I have been avidly following Bruce Parry's TV programme, 'Tribe', in which he goes to live as one of the tribe in various locations. Towards the end of the last programme, in which he lives with the Penan tribe in a rapidly shrinking piece of rain forest in Borneo, I found myself weeping uncontrollably at the terrible situation these people find themselves in. It really is awful, the land on which they live symbiotically, is being eroded by government sanctioned logging companies. They are a gentle, wonderful people and they may be forced to enter the 21st century against their will, just for a bit of commercial revenue.
However, although it was truly moving and shocking, there are many such incidences in our modern world and many other catalysts that could produce a flood of tears if I let them. But I try not to. I have accepted the idea that it is somehow shameful to weep openly at will, whenever something moves me. So instead I gulp down the tears and feel that familiar tightness in my throat. Even when I watch a sad film with my husband whom I have known for over a third of my life, I still censor myself and don't weep as freely as I might were I alone.
Although weeping is often seen as a sign of weakness or sentimentality, it is widely acknowledged that those who express and own their feelings are healthier, happier and even live longer. It has been suggested that weeping, sobbing and even better, wailing, have a therapeutic value equal to that of meditation and yoga. Quelling the negative health aspects of stress, anger and anxiety - even raising immune function. I know that when I have the odd night to myself and allow the tears that well up to come out unhindered, I often feel relaxed and cleansed, sleep better and wake feeling refreshed.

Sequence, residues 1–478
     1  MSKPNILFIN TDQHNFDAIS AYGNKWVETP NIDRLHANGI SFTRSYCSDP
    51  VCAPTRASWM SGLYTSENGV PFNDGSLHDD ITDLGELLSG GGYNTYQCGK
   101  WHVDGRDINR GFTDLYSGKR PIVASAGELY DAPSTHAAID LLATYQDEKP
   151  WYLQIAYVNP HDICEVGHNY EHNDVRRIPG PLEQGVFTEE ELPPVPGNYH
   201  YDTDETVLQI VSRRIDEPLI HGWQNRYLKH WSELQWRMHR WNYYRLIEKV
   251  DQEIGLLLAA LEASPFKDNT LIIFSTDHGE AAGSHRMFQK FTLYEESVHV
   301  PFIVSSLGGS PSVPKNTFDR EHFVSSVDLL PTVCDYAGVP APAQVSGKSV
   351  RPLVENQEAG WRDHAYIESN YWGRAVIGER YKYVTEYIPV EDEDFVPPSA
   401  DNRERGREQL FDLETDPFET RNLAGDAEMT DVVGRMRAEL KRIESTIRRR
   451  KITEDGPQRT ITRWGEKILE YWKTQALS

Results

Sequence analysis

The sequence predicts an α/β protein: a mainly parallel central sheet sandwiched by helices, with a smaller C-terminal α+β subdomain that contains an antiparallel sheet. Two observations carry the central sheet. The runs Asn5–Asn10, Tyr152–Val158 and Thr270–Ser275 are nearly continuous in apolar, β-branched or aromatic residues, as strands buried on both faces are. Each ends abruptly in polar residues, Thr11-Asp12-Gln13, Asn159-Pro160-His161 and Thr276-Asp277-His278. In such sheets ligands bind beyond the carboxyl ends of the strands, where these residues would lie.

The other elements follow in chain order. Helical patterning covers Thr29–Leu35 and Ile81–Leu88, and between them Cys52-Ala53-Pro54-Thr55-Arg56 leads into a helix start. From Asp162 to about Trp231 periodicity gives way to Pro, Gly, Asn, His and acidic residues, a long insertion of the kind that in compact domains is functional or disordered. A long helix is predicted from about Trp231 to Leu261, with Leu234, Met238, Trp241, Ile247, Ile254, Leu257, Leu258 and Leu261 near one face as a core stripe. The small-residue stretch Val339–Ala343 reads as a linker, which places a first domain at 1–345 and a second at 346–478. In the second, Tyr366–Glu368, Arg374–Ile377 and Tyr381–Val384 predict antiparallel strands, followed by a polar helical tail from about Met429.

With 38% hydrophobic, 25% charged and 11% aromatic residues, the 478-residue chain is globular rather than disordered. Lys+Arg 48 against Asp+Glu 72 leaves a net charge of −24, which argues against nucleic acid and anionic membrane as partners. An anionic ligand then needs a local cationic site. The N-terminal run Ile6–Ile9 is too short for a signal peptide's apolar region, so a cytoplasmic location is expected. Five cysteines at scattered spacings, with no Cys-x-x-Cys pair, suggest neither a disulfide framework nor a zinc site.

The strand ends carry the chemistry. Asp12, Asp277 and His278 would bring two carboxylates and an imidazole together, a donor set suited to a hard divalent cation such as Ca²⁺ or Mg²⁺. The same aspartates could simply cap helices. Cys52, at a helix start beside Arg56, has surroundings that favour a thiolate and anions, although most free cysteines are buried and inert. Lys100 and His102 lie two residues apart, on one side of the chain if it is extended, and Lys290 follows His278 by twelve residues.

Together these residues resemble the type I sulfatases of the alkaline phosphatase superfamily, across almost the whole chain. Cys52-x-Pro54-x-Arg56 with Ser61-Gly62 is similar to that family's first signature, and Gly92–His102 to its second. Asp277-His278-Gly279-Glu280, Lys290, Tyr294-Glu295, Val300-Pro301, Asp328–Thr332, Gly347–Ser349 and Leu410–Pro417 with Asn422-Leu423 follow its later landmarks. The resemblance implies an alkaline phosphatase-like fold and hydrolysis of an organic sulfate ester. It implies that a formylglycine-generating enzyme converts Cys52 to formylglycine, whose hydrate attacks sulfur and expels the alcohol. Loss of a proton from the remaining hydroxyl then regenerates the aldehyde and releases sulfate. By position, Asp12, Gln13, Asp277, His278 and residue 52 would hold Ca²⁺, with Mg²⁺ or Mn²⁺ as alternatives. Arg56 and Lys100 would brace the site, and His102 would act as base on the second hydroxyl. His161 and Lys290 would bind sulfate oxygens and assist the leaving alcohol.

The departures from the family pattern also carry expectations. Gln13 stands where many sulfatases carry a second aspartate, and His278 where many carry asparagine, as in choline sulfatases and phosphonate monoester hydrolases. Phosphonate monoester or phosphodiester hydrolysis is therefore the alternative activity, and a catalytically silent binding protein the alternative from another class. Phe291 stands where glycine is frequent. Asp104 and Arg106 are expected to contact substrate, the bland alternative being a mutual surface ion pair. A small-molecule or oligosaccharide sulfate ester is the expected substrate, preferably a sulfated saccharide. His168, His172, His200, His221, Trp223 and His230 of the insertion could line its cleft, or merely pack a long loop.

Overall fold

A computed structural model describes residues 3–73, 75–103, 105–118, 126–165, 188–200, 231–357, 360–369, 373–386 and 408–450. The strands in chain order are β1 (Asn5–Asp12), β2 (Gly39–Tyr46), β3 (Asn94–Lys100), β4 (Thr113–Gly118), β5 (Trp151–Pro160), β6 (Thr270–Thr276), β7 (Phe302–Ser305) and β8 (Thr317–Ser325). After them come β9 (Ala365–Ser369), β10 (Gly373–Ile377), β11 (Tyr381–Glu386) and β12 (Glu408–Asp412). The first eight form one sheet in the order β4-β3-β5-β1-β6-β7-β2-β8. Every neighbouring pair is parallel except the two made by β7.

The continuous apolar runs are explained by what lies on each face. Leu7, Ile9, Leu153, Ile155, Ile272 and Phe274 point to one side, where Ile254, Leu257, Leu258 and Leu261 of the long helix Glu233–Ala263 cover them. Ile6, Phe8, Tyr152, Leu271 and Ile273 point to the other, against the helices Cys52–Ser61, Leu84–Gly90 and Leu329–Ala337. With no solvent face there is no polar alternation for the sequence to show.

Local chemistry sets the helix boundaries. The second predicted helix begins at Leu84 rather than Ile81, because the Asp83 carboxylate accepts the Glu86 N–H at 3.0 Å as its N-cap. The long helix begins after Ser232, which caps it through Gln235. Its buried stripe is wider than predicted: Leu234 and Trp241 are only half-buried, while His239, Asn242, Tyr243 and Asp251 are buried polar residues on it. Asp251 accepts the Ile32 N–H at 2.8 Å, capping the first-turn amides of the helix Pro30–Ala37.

Not that I cry constantly, nor am I depressed. Tears can be simply an expression of anxiety or even anger, a release that does not require explanation. Once the tears have been allowed to come, there is often a stream of associated triggers that come to mind. Someone who died, feeling lonely, a memory of something that you no longer have. It can feel disingenuous to cry about these things on the back of the original catalyst, but that is the beauty of letting it all out - it all feels the same and doesn't need justifying. Maybe next time you find yourself welling up at the Andrex Puppy, you might let those tears out and not feel like a daft softy. You could save yourself a packet on therapy in later years and even stave off a cold or two - but remember to stock up on the man sized tissues.